Dear Governor Gavin Newsom,
I’ve been writing this letter since the pre-dawn hours of Oct. 3, alone in a Sacramento County Jail cell, disappointed, exhausted, but driven to reach you. I could not rest—not then, in the hours before dawn locked in a filthy cell, wearing orange stripes and jail-issue underwear—and not now, nearly two months later, with justice so distant. I see with clarity what is so easy for you and our state to do: to jail and criminalize the family of Sean Monterrosa who speak out in nonviolent protest, who has waited now nearly six months for accountability for the state-sanctioned murder of their brother, child, grandchild. They have seen none.
Imagine raising a child, witnessing him come to language, laugh, learn to read, fix things, love, work, question, grow into a 22-year-old with potential, with a future, with a role to play in your family, in his school, in his community. And then a tragedy: a police officer misjudges him as a threat. This police officer—who has fired his weapon on four occasions in the last five years—shoots from the backseat of a moving police truck, firing five times through the windshield. That officer serves in a department with a history of brutality, using their firearms to kill 19 people since 2010. In this Bay Area city, some officers ritualistically mark their kills, bending the points of their star-shaped badges as a sign of honor. City officials learned of this gruesome tradition and looked away. If this were your child, what would you do?
Sean Monterrosa was unarmed, kneeling, hands raised in surrender, when Vallejo Police Officer Jarrett Tonn shot and killed him with his semi-automatic assault rifle. The windshield was evidence, and the police union president, Lt. Michael Nichelini, is on paid leave for his involvement in its destruction. Solano County DA Krishna Abrams recused herself from Monterrosa’s case; California Attorney General Xavier Becerra declined to investigate. No criminal investigation is currently underway.
Governor Newsom, you have expressed neither outrage nor concern, even after Sean’s older and younger sisters and 15 other nonviolent protesters engaged in the “good trouble” of an orderly civil disobedience near your home on the four-month anniversary of Sean’s death. When asked about the case by a reporter, you noted that you’d asked his staff “to take a much more detailed look” his case, claiming “we’ll have more to say hopefully very shortly.” After the five-month anniversary, when asked again if you would meet with the family, you said “I’m open to that. But let me get the facts” on the investigation. Since then, a detailed investigative report, “How a Deadly Police Force Ruled A City,” has been published in The New Yorker. The facts are available. It’s time for empathy and action.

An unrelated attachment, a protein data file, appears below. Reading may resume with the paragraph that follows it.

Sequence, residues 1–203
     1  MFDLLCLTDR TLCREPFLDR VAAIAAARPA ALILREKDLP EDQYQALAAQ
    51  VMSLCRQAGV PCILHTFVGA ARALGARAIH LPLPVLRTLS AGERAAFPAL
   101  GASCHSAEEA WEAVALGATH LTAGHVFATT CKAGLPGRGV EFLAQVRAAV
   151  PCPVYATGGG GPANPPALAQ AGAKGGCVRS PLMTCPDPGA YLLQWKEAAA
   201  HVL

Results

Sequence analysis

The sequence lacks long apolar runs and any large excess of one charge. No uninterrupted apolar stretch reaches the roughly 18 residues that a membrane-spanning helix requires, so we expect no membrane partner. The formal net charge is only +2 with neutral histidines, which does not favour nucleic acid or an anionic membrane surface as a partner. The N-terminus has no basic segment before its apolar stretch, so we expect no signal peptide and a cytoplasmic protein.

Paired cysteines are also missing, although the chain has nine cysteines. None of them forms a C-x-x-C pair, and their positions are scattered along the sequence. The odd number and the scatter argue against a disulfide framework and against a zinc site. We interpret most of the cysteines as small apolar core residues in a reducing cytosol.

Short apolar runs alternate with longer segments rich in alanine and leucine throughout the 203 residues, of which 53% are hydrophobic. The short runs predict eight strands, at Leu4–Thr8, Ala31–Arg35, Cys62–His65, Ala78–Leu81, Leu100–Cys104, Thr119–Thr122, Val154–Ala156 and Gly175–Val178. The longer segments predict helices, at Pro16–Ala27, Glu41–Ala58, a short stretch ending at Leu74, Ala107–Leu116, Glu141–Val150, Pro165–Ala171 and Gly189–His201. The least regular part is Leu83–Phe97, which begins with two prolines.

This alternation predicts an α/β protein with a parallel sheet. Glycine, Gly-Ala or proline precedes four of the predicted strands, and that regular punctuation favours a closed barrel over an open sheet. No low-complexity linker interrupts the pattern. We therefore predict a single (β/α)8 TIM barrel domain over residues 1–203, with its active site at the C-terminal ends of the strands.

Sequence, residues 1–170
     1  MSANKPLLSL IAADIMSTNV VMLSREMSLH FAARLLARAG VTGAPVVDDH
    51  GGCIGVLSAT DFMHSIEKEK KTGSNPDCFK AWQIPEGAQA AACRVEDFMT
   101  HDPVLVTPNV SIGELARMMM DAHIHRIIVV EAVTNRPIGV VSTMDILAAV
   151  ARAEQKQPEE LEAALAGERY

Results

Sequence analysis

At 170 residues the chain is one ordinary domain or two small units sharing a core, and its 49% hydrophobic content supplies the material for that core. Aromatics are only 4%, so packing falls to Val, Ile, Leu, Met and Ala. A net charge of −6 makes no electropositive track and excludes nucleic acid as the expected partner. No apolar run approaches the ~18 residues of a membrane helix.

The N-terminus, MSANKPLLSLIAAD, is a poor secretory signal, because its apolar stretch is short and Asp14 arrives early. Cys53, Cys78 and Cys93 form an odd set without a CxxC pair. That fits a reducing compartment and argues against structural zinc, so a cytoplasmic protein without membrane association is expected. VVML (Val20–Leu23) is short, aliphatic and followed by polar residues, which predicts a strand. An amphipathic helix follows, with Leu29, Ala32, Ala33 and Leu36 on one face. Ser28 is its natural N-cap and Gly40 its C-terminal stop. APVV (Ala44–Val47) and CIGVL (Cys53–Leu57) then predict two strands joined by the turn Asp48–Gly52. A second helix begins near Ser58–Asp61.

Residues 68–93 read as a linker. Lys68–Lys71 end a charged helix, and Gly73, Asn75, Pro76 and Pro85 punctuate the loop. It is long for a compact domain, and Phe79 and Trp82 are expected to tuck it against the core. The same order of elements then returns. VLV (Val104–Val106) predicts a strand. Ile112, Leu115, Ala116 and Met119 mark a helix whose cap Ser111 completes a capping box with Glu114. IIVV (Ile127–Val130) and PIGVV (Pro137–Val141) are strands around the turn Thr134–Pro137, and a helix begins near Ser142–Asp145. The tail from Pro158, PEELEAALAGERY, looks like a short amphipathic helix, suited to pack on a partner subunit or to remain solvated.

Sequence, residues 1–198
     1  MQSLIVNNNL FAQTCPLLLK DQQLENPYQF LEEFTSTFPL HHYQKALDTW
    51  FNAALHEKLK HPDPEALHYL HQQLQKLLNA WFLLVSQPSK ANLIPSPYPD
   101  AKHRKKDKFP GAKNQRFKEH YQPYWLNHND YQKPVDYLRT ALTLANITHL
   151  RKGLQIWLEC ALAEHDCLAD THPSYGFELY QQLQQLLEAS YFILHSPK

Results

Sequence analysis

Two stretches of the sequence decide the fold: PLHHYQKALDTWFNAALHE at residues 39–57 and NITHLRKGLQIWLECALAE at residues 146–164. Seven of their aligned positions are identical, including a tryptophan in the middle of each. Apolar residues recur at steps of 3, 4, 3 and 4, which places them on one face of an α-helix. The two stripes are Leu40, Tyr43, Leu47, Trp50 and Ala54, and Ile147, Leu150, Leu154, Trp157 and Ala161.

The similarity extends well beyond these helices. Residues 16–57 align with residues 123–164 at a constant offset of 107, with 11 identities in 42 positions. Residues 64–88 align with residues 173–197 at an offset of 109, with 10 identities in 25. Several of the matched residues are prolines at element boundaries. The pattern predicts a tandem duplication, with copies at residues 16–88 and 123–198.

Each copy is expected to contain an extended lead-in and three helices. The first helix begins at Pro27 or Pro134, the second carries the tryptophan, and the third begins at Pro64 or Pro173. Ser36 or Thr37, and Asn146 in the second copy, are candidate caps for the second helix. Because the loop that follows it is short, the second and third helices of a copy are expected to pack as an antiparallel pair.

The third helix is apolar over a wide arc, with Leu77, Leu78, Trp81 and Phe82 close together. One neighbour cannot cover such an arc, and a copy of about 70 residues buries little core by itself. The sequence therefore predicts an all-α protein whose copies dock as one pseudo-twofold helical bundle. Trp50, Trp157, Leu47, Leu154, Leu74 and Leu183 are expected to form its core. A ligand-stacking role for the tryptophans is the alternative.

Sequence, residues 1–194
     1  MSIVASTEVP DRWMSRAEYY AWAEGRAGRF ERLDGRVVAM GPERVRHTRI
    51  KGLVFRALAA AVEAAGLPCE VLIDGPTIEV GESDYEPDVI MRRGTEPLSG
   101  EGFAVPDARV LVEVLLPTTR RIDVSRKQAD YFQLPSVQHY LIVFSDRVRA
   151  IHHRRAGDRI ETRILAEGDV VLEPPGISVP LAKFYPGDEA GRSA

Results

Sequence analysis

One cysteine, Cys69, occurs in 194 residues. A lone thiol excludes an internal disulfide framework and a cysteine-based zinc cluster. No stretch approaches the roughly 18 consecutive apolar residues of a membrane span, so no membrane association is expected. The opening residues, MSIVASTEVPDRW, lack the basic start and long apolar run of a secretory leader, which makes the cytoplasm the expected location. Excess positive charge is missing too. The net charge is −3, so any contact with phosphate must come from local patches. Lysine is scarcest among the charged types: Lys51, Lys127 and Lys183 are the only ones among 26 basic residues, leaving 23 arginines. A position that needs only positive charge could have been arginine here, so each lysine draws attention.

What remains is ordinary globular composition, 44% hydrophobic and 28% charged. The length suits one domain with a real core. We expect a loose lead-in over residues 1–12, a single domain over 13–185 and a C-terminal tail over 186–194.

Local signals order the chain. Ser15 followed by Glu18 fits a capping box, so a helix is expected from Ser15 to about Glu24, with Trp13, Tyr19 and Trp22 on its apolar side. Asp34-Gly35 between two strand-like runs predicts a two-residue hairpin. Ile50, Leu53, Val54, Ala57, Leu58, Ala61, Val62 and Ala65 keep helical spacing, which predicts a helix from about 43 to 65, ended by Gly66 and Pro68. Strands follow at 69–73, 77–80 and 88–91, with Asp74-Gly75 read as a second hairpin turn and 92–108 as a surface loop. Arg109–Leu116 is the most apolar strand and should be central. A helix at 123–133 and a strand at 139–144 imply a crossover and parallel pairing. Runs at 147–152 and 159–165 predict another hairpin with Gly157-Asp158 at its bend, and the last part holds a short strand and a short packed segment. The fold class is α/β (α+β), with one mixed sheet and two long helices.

Governor, meet with the Monterrosa family, his 99-year-old grandmother, his immigrant parents, and his inspiring first-generation sisters who represent our future. Hear them. Guided by their call for justice, leaders in our state can help reckon with the inhumanity that runs deep in policing nationwide.
In the wake of George Floyd’s state-sponsored lynching, Sean saw that inhumanity. Sean’s last communication to his sisters—less than an hour before he was shot—were text messages asking them to sign a petition demanding justice for George Floyd.
Governor Newsom, you claim to see the inhumanity. You said “[we] should and [we] must” condemn systematic racism in your speech on May 29. You asked “all of us that want to express ourselves” to “do so thoughtfully and gently, but forcefully.” The Monterrosa sisters and the other 15 nonviolent protesters have complied with this request. You again condemned the legacy of injustice on Sept. 30, claiming, “We are just getting started in this state” in terms of efforts to “improve oversight and accountability” in law enforcement. As we approach the six-month mark since Sean Monterrosa was killed, the Monterrosa family and their growing numbers of supporters in California and beyond feel heightened urgency for accountability. Drop the charges against the peaceful protesters and launch a formal investigation of Vallejo PD for the murder of Sean Monterrosa.
On Oct. 2, the Monterrosa family and their supporters brought to the Governor three clear, reasonable demands:
- California Attorney General must appoint a special prosecutor to investigate the case and Vallejo PD.
- Officer Jarrett Tonn must be charged and prosecuted for the murder of Sean Monterrosa.
- Officers involved in the shooting and destruction of evidence must be prosecuted criminally.
Governor, you have resolved that California lead the nation. Now you face an opportunity to live up to this ambition. May the words you speak hold meaning.
Maggie Harrison is a San Francisco parent and community college instructor. Alongside Ashley and Michelle Monterrosa and fourteen other nonviolent protesters demanding accountability for the Vallejo Police Officer who lethally shot Sean Monterrosa, as well as for those who obstructed the investigation, she was arrested on Oct. 2, 2020.